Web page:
Why I always carry a camera (#2): form and light
There’s a passage in my favorite book by Annie Dillard, “Pilgrim at Tinker’s Creek” in which she comments on how she sees differently when she walks with a camera.
I know this from my own walks. It’s as if a syntactical vision is imposed on the world by the nearness of the device and it’s familiar constraints. Juxtapositions that offer fluency or tension within these photo-mechanical confines often determine the route, duration and velocity of the trip.
The campus of Agnes Scott College is quite beautiful, as campuses go. It is meticulously maintained, all well-fed lawn with trimmed borders and neat pine straw beds around the trees and buildings. The paths are always free of debris and the stately magnolias groves that populate the campus were both grand and floral at that time of year.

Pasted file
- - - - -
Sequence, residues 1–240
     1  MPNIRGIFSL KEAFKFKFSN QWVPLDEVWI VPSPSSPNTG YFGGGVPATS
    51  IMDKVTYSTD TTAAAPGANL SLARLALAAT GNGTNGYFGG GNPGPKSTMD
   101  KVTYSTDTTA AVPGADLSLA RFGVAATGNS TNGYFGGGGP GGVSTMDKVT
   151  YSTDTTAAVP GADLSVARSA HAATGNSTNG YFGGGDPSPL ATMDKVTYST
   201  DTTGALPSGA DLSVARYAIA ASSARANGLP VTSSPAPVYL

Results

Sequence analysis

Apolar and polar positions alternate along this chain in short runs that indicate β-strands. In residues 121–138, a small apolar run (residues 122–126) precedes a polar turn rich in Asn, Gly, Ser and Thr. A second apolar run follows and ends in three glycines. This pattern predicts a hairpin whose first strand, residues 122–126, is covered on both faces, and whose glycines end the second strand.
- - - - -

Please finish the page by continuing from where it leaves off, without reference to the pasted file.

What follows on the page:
I’ve been walking the campus for over 20 years now, and I’ve seen some pretty spectacular flowers there. But on this particular evening, the light was soft and directional, and this one presented itself at just the right angle in just the right incoming light at just the right moment. It’s pistel was hidden from view; in another day, it would be browned, wilted and expired. But here it was at it’s prime, fully opened, and scented to heady perfection. I stood as tall as I could, and reaching the camera out, set the auto focus with my eye perhaps 10 inches from the finder.
Deferring to that moment, I have keep this image subdued, preferring to let it’s form have the leading voice. The minimum crop to 4×5 made sense to me… t